Credit Institutions



  • The government’s stake in the entire banking system has risen to 70% by early 2018 vs 63% as at early 2017. The above figure has become the highest among all industries in the Russian market (the government owns 66% of the oil&gas sector). The government’s stake will tend to grow further through to privatization of the largest banks undergoing financial rehabilitation; such growth, however, would not be as significant as seen in 2017.
  • As a result, the nature and quality of competition would change: competition between government-owned banks for funding sources and borrowers would intensify ever more, and the reliability factor would become secondary for the competition.
  • Banking assets in the Russian Federation would see a 5.2% growth in 2018, which is below the 2017 figure. The aggregate loan portfolio would experience growth acceleration totaling 5.5%, which would be supported by declining interest rates and partial recovery in lending to corporate clients.
  • Cost of risk in 2018 would stay at the 2017 level equaling 1.6%. Gradual decline of the cost of risk would start after 2019, when creation of additional provisions to cover the existing problem loans would be largely completed. The share of overdue debt would remain at the current level equaling 5.2%-5.3% in the period to 2021. Transferring the business of lending to residential real estate developers to banks could become a factor for substandard borrowers increase in the portfolio.
  • Profit and returns in the banking industry would see no growth in 2018. Return on average assets (ROAA) would total 1% in 2018. Returns would stagnate in the long-term as well:  In the period to 2021, ROAA would not exceed 1.2%. As charges to provisions gradually decline, the shrinking net interest margin (NIM) would exert downward pressure on net income indicators.

Table 1. Evolution of the key indicators of the Russian banking system in 2015-2021

1 Funds and income.
2 1+ past due loans according to the Bank of Russia accounting standards.
3 Capital divided by total assets.

Source: The Bank of Russia, ACRA estimates

Increased domination of state-run banks remains the key long-term trend in the Russian banking sector

A substantial increase of the state’s equity stake in the banking industry has become one of the most notable results of 2017. According to ACRA estimates based on the RAS reporting of the Russian banks, government-owned banks and quasi-government banks (including banks under financial rehabilitation procedure in the Banking Sector Consolidation Fund (BSCF), banks financial rehabilitation of which is managed by government banks as well as banks owned by state-run companies4) accounted for around 70% of the total net assets of the Russian banking sector, while this indicator was around 63% as at early 2017, and approximately 61% as at early 2016. ACRA notes that concentration of government-owned banks among the top 20 banks is even higher: government banks and banks with state-run companies among their shareholders – in particular, PJSC “GAZPROM” (AAA(RU)) for Bank GPB (JSC) (АА(RU)) and Rosneft for Bank RRDB (JSC) (АА-(RU)) accounted for around 83% of assets as at end-2017. Increase of the state’s equity participation in the banking industry was mainly driven by transfer of the three largest private banks – «Bank Otkritie Financial Corporation» (PJSC) BBB-(RU) (under revision), Promsvyazbank, and B&N Bank, including banks they own or manage financial rehabilitation of – into the Banking Sector Consolidation Fund in 2017. License withdrawals from private banks of the top 40 list had also some though significantly less effect.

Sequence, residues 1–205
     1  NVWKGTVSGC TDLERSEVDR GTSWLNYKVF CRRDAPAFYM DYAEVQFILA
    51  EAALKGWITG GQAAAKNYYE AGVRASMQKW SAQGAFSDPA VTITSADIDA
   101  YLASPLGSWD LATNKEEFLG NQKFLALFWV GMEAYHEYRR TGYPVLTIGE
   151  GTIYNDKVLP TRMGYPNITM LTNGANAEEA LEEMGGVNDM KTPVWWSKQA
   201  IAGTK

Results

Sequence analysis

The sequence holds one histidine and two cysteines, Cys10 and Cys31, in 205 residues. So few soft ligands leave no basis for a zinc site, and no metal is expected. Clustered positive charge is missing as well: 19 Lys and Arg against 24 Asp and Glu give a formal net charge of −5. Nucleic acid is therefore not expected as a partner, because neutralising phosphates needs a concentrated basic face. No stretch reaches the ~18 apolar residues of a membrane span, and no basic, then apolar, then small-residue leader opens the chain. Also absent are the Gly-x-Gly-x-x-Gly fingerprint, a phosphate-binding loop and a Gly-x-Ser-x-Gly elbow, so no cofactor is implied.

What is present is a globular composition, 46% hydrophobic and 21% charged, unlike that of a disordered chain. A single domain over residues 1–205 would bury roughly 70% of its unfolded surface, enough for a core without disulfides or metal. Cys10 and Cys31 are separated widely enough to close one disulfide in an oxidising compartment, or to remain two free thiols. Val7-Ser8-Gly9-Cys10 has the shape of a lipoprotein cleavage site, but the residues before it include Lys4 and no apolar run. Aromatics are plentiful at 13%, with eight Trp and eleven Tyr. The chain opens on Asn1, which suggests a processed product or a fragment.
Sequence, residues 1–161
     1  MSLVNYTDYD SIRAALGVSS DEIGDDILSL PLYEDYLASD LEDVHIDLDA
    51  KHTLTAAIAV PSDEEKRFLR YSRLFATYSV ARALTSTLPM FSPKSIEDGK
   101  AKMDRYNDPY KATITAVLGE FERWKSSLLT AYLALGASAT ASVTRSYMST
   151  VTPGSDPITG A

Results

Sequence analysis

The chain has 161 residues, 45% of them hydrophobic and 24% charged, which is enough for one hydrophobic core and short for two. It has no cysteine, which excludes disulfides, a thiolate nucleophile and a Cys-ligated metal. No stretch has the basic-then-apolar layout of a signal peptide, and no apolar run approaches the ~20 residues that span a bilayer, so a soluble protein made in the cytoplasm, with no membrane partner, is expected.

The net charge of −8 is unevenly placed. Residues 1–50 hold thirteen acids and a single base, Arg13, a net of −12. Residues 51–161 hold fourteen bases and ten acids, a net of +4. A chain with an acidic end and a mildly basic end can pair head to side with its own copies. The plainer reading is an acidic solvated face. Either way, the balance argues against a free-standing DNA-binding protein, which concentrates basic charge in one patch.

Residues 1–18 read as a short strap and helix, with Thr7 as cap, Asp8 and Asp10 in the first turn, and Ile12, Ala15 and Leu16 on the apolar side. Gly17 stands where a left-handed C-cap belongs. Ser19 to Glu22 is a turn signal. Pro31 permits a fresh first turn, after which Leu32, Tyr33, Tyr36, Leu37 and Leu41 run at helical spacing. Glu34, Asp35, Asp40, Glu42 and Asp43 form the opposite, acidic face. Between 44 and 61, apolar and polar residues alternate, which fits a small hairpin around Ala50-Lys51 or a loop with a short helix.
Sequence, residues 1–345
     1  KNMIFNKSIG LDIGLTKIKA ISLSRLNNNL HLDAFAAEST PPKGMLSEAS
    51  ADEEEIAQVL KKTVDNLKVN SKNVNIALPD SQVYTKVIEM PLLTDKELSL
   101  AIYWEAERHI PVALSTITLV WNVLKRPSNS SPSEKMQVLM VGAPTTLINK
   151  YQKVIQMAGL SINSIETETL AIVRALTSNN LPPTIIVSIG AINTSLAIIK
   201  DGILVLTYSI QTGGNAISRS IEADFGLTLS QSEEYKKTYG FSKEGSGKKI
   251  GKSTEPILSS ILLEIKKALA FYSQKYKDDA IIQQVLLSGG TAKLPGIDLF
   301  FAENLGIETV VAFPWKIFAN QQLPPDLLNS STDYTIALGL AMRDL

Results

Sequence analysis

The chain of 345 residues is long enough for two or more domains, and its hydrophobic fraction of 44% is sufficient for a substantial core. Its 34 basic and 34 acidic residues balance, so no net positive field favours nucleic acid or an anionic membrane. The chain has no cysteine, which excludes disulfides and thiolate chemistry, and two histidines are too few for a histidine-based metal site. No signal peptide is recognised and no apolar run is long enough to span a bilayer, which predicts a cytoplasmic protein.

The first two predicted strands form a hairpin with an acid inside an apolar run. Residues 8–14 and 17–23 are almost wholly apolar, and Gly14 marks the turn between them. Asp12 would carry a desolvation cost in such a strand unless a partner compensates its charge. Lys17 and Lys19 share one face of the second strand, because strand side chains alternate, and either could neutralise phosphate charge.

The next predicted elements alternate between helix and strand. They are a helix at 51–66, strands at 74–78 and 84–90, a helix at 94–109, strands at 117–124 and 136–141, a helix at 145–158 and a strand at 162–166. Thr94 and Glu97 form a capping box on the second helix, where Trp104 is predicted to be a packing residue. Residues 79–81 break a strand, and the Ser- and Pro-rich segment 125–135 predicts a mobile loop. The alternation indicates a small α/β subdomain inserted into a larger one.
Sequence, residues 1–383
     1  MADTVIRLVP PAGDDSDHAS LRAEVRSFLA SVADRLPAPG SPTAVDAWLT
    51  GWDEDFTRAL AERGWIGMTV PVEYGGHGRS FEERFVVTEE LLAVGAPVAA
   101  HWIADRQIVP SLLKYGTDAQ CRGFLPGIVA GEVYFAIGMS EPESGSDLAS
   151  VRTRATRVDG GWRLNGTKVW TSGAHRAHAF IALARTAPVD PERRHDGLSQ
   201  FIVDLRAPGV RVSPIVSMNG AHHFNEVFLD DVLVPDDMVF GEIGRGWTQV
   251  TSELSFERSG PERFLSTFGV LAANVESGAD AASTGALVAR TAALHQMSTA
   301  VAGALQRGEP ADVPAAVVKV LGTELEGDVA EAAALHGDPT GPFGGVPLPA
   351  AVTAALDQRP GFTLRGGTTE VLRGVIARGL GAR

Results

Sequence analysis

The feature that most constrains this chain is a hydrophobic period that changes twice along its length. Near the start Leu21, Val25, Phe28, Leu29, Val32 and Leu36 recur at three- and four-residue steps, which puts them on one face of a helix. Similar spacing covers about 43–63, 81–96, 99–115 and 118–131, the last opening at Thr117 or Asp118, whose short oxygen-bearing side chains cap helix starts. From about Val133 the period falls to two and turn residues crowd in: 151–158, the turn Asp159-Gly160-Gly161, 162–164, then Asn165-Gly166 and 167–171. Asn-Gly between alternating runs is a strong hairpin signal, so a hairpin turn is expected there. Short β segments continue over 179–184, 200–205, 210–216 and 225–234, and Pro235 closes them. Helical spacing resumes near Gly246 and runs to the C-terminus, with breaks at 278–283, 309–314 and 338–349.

As at January 1, 2018 such banks included Sberbank (AAA(RU)), VTB, VTB24, Bank GPB (JSC), JSC Russian Agricultural Bank (AA(RU)), «Bank Otkritie Financial Corporation» (PJSC), Promsvyazbank, B&N Bank, Rost Bank, Bank TRUST, BM-Bank, Bank RRDB (JSC), BANK “ROSSIYSKY CAPITAL” (PJSC), RGS-Bank, Russian National Commercial Bank (A(RU)), GLOBEXBANK, Svyaz-Bank (BBB+(RU)), SME Bank JSC (A+(RU)), Cetelem Bank, Fondservicebank, Roseximbank, Krayinvestbank, Novikombank, Peresvet, Pochta-Bank, Socinvestbank.

Figure 1. Share of the government interest in the Russian banking sector 

Source: ACRA estimates on the basis of data from the Bank of Russia, Interfax-100, ALMC

The forecast has been prepared in compliance with General Principles of Socioeconomic Indicators Forecasting.